Europeans must not forget that an essential part of their prosperity, health and security depends on what is being played out in Africa.
Emmanuel Macron went to Kigali in order to normalize relations with Rwanda, which, under the iron fist of Paul Kagame, has become one of the most dynamic economies on the African continent and one of its key nations. With regard to the genocide committed against the Tutsi in 1994, which left 800,000 dead, President Macron has recognized the responsibility of the French political authorities and that François Mitterrand turned a blind eye to it. There are undoubtedly sound reasons for this reconciliation. However, it should not shift our gaze from the future and conceal the challenges that the Covid crisis poses for Africa.
At the beginning of the 21st century, Africa seemed at long last on its way to self-development and to asserting itself as the new emerging continent. During the first decade of this century, supported by globalization and the rise of a middle class, its annual growth rate was 5.5%, higher than the rate at which its population was increasing. This dynamic proved resistant to the 2008 crash, because, in 2018, Africa showed a growth rate of 3.5%. However, it has been dealt a slap in the face by the pandemic.
At first sight, Africa seems to have been relatively well protected because of its young population and a resilience acquired from its experience of AIDS and the Ebolavirus.
Officially, there have only been 4.8 million cases of Covid in Africa and 130,000 deaths, for 1.2 billion inhabitants. But these figures are grossly underestimated and the continent is highly vulnerable to new waves brought on by variants of the virus. South Africa is a good example, with 1.65 million cases and 56,000 deaths. The fact is, Africa has no health policies, hospitals or any pharmaceutical industry to test, care for and vaccinate the population.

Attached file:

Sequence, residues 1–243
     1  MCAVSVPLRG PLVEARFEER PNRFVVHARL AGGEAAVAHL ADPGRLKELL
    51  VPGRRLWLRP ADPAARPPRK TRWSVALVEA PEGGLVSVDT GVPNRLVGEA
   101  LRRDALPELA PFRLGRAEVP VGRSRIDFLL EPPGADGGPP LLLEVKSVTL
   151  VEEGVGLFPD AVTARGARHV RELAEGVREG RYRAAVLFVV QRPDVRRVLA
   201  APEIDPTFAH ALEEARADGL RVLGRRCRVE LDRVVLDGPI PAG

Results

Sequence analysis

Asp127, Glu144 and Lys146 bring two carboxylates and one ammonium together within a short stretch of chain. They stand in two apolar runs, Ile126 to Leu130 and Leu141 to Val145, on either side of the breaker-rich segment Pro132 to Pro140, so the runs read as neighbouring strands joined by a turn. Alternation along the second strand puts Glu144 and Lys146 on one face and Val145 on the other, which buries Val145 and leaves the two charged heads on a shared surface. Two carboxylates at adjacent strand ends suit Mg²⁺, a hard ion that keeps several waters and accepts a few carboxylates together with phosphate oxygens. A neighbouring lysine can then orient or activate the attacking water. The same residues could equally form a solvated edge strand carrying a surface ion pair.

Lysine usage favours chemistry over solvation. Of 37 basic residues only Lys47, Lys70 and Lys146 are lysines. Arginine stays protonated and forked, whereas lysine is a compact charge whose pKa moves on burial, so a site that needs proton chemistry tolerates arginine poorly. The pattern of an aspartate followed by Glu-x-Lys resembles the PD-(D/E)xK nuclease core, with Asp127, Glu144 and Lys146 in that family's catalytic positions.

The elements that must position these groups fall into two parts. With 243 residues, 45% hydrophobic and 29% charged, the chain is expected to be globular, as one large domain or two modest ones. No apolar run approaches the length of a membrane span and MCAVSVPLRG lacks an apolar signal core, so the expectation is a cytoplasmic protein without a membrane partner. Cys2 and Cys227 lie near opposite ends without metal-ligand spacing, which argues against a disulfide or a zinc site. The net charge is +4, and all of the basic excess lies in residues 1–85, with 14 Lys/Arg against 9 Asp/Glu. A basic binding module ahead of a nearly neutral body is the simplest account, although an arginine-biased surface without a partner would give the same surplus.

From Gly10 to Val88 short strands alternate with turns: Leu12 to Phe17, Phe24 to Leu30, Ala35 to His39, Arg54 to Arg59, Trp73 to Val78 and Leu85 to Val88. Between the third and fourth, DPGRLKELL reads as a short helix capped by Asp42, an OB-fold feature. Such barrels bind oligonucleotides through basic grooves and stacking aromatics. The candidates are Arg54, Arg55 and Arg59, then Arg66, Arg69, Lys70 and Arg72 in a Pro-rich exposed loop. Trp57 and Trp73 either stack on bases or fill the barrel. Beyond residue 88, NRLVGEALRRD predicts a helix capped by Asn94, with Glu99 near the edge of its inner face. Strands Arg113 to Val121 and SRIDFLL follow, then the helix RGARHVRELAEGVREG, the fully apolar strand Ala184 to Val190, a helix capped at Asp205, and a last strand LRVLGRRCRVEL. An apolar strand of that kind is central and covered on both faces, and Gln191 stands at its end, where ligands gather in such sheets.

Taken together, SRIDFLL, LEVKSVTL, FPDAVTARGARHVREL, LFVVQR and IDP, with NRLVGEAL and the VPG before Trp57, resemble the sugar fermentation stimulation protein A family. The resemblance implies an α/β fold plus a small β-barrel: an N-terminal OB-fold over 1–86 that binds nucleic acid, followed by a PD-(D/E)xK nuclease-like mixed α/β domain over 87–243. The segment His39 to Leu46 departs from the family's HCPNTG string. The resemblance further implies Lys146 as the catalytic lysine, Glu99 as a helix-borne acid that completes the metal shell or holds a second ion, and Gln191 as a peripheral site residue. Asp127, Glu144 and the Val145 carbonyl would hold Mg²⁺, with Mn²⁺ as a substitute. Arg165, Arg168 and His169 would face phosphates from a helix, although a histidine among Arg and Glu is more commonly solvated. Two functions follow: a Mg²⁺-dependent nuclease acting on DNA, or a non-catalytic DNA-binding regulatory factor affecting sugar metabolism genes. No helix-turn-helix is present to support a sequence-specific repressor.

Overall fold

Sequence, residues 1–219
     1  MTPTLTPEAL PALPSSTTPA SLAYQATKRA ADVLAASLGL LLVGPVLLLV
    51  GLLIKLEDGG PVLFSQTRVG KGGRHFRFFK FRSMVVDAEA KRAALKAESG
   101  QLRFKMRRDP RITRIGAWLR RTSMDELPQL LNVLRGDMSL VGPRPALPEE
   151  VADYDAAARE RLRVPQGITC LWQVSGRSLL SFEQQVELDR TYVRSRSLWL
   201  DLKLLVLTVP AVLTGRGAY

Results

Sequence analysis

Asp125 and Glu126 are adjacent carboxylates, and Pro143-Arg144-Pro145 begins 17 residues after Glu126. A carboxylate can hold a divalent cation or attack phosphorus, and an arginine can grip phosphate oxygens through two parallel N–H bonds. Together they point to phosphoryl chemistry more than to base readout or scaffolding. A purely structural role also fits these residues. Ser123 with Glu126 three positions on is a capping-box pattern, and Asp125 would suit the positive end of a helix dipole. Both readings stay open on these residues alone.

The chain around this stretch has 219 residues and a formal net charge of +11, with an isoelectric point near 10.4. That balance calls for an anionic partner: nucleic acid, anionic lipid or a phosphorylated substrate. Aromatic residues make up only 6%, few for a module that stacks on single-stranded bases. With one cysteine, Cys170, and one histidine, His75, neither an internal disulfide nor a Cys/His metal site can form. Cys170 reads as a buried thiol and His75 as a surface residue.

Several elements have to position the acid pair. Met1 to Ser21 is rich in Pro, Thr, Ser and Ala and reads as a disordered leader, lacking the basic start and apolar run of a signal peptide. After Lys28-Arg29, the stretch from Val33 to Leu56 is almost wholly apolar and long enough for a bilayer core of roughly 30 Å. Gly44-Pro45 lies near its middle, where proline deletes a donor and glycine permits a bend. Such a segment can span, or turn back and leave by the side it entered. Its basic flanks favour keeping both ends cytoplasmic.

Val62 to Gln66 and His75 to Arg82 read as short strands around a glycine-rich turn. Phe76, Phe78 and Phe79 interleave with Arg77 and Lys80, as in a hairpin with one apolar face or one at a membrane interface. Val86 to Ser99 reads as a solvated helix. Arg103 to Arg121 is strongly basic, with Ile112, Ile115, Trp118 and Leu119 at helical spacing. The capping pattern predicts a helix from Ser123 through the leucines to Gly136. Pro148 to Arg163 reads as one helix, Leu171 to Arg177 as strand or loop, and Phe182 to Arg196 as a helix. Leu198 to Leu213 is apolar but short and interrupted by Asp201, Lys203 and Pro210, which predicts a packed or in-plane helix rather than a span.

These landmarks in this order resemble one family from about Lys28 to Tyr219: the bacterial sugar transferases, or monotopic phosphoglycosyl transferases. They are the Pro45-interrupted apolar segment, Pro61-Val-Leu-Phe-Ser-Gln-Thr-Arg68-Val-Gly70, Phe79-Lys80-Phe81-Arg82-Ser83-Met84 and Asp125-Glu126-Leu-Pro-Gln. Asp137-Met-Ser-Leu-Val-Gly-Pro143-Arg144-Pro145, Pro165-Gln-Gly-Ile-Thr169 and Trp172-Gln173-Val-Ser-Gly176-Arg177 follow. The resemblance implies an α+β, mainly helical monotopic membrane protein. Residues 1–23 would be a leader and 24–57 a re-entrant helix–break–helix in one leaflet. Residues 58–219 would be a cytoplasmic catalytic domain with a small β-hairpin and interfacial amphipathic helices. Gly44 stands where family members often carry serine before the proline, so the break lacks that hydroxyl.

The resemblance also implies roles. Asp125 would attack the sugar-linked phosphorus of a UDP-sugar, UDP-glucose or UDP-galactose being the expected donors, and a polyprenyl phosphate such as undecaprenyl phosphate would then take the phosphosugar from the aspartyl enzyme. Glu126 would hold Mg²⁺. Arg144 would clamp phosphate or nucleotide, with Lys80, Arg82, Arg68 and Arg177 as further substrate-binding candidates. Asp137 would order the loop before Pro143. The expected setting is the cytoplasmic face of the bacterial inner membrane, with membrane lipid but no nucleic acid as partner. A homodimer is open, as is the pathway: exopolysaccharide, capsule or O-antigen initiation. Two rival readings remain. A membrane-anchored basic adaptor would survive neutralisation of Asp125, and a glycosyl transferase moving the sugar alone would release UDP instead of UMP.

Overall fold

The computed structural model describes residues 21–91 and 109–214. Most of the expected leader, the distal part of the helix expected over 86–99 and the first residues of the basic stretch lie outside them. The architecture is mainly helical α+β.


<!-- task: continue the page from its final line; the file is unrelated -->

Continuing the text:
The same goes for the economy. In the absence of any social buffer, 60 million people have fallen into deep poverty, and there are also 425 million who live on less than $2 a day. Africa is not well placed to be part of global recovery, which varies a great deal between countries.
At the same time, the continent is seeing a rise in violence and a decline in the rule of law. Jihadism is forever gaining ground, from Somalia to Mozambique and from Egypt to the Gulf of Guinea, not forgetting the Sahel.
Aside from the economic crisis, the Covid epidemic has brought to light the continent’s weaknesses, which may well jeopardize its economic take-off. Firstly, the countries are in decay, with inadequate health and education systems – tens of millions of children have been de-schooled, presaging a strong resurgence of illiteracy. Secondly, huge inequalities exist and the middle classes are fragile. Thirdly, there is a lack of investment and of infrastructures. Finally, there is political instability, the rule of law is not always applied and corruption is rife. In contrast, the pandemic has underlined that fact that, as in Asia and in Europe, the countries that have come off best in terms of healthcare and the economy are the ones with trustworthy governance and a diversified production structure such as Morocco, Togo, Ghana and Rwanda.
Africa is therefore at a turning point, and the direction it takes will have an effect on the course of the 21st century. For the world in general, and for Europe in particular, it presents several determining factors: its demographic (it will have 2.5 billion inhabitants in 2050 and 4.5 billion in 2100), its development, its fight against global warming, and its security.
Its progressive recovery from the epidemic must be accompanied by a global support strategy that cannot be limited to the combatting terrorism and controlling immigration, even though these may be indispensable. There are five priorities:
- To make anti-Covid vaccine available on a massive scale;
- To mobilize finance, notably in the form of drawing rights from the IMF, so as to promote recovery by targeting infrastructures and private companies;
- To strengthen education and health systems;
- To restructure public and private debt;
- To open up frontiers and set up an effective continent-wide free-trade area, creating a single market of 1.2 billion people.
The pandemic has been a sharp reminder that the 21st century will be dominated by global risks and that people, nations and continents have never been so interdependent. At a time when a new Cold War is developing between the USA and China, and there are renewed tensions with the Russian and Turkish démocratures [démocrature = a combination of democracy and dictatorship], Europeans must not forget that an essential part of their prosperity, health and security depends on what is being played out in Africa, and that it would be totally irresponsible to abandon it to viruses, poverty, violence and China.
(Column published in Le Figaro, 31st mai 2021)